The following essay by Julius Evola was published as “La disfatta e il futuro dell Francia secondo l’Action Française” in La Vita Italiana, in April 1942. Due to its length, it will be posted in two installments.
This essay may be of historical interest to some, since, given that history is written by the victors, it offers a rare glimpse into the thinking of the losing sides in World War II. Evola is reviewing a book by Maurras that deals with the quick and humiliating defeat of France by the Germans.
There are recurring themes that repeat today. First of all, Maurras distinguishes between the real and the legal countries; the first is organic, consisting of those elements who embody the soul of France and the latter a strictly legal entity comprised of all those inhabiting a geographic area. Although Gornahoor is often criticized by Catholic elements, Maurras derives this conception from Medieval social theory. In fact, Maurras derives many of his concepts from similar sources. If contemporary Catholic are embarrassed by this, it is only because they are preaching a different religion.
Maurras points to partisan interests and party politics as a cause of weakness. We will simply point out, as does Maurras, that Right without the force to back it up is worthless. There are advantages to winning and consequences to losing. In the second part of this essay, Evola will develop his own critique of Maurras.
In a recently published book that quickly reached its 29th edition, Charles Maurras sought to penetrate the meaning and the causes of the tragic destiny that weighed on his country if only to indicate the ways along which France will be able in the future to bring itself back and restore itself, drawing solutions from the hard trial. [La seule France, Chronique des jours d’épreuve, France alone, Chronicle of the days of trial, 1941] We believe it is not lacking interest, for our readers, to reproduce the principle theses of this book, given the personality of its author.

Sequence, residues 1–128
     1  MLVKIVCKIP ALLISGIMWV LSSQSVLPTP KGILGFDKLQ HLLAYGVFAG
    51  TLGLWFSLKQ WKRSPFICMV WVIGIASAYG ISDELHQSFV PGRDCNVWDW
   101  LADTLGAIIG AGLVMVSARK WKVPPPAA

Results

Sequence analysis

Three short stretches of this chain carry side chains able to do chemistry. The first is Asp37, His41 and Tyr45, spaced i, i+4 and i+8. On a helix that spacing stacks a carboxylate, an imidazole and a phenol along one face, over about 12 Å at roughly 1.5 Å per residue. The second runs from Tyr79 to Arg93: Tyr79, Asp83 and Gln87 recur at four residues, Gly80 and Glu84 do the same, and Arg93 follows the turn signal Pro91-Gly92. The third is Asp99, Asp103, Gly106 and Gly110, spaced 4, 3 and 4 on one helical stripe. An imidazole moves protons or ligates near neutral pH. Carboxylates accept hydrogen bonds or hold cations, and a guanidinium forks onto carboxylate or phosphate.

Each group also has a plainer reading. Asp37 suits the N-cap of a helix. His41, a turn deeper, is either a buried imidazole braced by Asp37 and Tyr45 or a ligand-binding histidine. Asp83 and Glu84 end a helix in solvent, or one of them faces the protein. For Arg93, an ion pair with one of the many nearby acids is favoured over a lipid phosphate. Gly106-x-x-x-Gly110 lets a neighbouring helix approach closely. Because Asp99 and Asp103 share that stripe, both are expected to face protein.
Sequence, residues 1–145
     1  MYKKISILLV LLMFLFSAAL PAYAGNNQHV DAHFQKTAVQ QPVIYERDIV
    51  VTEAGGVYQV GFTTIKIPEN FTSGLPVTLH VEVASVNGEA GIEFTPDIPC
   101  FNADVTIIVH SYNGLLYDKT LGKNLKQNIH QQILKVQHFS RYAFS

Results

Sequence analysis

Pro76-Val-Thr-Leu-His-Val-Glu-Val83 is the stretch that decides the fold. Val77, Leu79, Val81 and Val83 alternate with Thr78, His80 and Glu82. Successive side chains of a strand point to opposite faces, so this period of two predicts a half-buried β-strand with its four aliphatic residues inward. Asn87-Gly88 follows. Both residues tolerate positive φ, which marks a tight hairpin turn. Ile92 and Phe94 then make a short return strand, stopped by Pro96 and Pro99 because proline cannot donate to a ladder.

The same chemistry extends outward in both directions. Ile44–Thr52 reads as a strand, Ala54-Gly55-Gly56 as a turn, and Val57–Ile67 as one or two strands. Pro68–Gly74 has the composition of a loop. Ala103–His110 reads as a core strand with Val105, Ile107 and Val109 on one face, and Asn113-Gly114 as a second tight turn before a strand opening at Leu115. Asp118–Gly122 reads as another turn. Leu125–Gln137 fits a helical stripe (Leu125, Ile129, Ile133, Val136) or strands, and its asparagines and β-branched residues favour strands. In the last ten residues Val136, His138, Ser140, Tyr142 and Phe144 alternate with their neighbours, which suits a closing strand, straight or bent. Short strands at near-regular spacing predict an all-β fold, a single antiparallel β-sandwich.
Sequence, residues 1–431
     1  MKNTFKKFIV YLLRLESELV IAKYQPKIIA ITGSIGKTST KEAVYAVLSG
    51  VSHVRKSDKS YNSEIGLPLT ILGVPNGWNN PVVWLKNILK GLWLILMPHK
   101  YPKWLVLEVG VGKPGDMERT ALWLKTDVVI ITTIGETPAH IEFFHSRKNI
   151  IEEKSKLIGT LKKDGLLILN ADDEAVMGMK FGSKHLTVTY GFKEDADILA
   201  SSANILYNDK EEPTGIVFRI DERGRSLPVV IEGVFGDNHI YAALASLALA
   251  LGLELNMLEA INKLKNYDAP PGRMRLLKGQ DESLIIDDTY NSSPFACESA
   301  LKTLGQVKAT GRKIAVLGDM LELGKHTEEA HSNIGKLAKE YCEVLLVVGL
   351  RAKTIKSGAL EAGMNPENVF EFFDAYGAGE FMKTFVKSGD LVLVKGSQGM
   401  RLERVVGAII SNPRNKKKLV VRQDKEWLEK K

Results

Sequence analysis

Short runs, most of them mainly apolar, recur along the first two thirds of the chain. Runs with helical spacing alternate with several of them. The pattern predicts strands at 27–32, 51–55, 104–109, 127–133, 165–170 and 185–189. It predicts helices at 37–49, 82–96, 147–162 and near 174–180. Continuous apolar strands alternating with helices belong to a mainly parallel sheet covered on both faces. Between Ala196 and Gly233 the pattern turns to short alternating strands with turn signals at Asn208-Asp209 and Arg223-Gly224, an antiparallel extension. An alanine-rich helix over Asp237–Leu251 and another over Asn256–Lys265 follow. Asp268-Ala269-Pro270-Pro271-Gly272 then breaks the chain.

First of all, about the causes of the disaster. There are internal and external causes. Regarding the internal causes, Maurras flatly opposes the thesis of those who speak of a morally degraded France, physically degenerated, and decayed military virtues. The country of Joan of Arc, who already overcame the trial of 1914, should have been able to demonstrate, not less than any other nation, Germany included, the possibilities of a national exaltation of a heroic impulse. About this last point, in a special chapter, Maurras remembers, on the contrary, a series of cases of warrior and heroic virtues of the French army, recognized, in this war, by the enemy himself, but demonstrated sporadically and in disparate circumstances, through the lack of all the conditions of a not unequal battle.
After making the distinction between the real country and the legal country, Maurras instead believes that he indicates the principle internal cause of the French defeat in the split and, then, the division and denationalization between these two countries. The natural resources of France will be divided through the split nature of its own government. While in Germany, a political factor that united and multiplied every force had the upper hand, in France an similar factor served only to break it up: power was in the hand of politicians dedicated to parliamentary discussions and chaotic successions: fifty ministers in twenty years and one hundred ten in seventy years. Moreover, this government was something superimposed on the real country, having in view mostly the interests of the part and the party—apart from the influences of international powers—than those of the nation. So while in Germany there was an intensive culture of patriotism, in France it was always more neglected and rhetorical. While in Germany there was an improvement and a concentration of all the forces of the State, in France there was deliquescence and dislocation.